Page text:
Once the adapter senses a return pulse from a receiver, it starts to transmit to that receiver 58 embedded within the PDA device 60. In this way, the adapter remains in a very simple form and does not require various activation switches. The adapter includes memory available to the processor for the temporary storing of the transducer signal.

The battery supply 50 is typically a lithium battery supply and has the ability to last several months or more without battery replacement. In one embodiment, the user presses the on/off button located on the adapter to begin operation. In a second embodiment, the processor remains in sleep mode when not in use; in this mode it can sense a significant change in the input signal level and thereby wakeup to full operating mode.

For example, the medical practitioner might blow on the transducer or produce a signal a certain magnitude which activates the processor.

The operating parameters of the adapter can be modified remotely by the PDA. Specifically, the user may separately control the volume and the selection of various digital filters. These filters include the inverse transmission functions that suppress background noise, as discussed herein, and various band pass filters. With regard the filters, the user may select the inverse transmission function and one or none of several bandpass filters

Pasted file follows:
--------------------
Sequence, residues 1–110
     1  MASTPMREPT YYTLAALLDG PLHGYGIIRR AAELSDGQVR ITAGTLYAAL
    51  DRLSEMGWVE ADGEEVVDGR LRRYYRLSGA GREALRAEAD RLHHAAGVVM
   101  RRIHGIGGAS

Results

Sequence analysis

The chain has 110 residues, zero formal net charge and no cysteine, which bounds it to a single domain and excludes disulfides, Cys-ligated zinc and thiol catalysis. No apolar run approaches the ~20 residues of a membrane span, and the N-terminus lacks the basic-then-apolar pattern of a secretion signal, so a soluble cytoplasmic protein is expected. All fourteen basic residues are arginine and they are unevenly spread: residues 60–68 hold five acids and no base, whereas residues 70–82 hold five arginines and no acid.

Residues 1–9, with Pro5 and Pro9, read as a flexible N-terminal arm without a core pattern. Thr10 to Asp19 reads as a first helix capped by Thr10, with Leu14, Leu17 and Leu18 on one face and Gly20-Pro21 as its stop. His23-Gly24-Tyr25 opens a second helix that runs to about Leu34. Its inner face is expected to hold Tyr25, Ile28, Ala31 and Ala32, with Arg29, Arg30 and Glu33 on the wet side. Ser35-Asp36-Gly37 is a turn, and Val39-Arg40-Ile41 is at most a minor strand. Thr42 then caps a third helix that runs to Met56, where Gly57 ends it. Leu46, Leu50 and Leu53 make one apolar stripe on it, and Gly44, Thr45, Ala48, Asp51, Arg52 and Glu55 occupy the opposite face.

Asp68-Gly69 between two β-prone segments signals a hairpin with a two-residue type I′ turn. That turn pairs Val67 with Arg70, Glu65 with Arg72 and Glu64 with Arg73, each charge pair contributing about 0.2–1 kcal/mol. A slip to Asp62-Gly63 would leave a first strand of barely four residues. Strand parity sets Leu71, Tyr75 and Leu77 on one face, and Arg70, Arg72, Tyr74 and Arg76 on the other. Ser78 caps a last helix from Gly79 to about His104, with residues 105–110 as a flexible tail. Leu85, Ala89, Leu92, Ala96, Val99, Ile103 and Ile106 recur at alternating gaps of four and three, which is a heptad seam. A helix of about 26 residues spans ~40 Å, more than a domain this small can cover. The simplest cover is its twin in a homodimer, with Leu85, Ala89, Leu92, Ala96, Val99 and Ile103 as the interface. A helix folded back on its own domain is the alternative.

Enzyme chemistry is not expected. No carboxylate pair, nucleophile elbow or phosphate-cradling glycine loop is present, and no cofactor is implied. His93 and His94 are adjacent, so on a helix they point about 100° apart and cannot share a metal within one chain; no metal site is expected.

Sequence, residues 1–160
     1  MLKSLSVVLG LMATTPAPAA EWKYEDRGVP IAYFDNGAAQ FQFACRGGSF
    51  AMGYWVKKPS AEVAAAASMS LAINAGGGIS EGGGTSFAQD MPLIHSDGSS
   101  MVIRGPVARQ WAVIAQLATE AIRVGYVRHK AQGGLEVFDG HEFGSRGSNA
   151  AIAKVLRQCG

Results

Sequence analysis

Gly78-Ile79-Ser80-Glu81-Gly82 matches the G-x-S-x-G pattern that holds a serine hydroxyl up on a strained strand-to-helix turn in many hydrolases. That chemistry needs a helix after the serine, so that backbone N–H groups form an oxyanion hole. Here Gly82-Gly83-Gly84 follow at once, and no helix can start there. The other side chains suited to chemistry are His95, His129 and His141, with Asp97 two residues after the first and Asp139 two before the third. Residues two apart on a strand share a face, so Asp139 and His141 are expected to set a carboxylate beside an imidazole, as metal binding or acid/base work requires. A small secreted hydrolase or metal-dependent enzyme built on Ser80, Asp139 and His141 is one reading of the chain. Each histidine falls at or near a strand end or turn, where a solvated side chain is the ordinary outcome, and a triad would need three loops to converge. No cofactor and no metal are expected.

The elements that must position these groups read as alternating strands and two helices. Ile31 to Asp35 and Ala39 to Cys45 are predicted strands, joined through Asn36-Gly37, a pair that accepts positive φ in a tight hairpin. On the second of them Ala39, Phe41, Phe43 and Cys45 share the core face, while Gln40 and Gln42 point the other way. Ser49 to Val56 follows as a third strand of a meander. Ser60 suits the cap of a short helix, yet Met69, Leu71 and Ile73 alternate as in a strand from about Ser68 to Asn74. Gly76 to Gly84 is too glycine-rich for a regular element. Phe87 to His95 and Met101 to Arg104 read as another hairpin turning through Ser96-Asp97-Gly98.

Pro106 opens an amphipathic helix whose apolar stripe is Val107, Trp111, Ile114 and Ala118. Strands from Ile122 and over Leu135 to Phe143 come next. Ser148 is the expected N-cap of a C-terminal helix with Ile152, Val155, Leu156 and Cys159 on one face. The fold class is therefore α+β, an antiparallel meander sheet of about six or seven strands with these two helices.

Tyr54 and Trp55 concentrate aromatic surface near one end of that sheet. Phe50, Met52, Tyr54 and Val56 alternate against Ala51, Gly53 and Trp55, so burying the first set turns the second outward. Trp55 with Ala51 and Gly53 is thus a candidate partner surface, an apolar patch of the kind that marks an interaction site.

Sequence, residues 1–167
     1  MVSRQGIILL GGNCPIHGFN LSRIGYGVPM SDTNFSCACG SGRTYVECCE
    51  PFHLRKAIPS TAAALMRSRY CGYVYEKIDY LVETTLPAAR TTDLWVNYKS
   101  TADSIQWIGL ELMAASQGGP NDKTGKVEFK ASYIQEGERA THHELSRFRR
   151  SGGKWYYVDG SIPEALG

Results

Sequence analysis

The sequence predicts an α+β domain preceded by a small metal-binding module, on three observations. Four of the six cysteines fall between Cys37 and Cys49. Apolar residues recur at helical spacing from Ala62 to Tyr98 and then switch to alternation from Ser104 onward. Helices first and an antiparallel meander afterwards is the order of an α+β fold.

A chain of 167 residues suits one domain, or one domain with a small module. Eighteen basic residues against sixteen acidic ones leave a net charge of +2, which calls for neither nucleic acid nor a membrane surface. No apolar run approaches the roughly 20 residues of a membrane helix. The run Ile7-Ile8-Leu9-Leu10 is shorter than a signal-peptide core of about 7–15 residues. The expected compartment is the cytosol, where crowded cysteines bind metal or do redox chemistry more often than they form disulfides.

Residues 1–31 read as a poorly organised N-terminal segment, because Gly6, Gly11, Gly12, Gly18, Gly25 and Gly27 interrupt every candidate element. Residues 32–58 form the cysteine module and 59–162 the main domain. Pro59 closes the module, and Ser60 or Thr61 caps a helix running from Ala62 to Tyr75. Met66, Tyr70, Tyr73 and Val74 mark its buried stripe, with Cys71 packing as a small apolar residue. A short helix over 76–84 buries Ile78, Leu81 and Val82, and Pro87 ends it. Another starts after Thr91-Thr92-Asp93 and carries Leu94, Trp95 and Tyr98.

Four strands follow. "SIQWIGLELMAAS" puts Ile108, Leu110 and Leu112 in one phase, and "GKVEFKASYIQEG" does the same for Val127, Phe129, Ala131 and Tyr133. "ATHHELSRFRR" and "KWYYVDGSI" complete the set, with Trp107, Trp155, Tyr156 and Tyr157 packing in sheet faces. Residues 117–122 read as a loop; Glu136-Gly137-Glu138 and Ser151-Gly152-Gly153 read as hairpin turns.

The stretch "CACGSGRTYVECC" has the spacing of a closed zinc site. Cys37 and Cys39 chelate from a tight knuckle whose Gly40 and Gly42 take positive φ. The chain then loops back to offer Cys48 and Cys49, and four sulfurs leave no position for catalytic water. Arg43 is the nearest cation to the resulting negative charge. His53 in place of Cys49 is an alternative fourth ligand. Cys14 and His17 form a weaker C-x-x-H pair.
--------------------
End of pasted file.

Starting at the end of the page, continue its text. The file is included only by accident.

The choice of the filter is determined by the pathology that the practitioner is seeking to assess. Furthermore, for transmitting to the PDA a signal to be recorded or analyzed, it may not be desirable to use the inverse function, or at least to transmit to the PDA, a signal that has not been modified using the inverse function.

To program the adapter, the user simply places the adapter within IR range of the PDA, and uses a program to select the desired parameters which are then transmitted back to the adapter. These settings remain in place until changed.

Furthermore, the PDA can be programmed to display, analyze, playback the sounds through the onboard soundcard, or transmit the sounds to a remote computer platform for permanent archiving. In this regard, the PDA can be used for increasingly sophisticated analysis and over time, the knowledge base of the medical practitioner will continue to increase relative to his existing knowledge of particular conditions sensed by a stethoscope.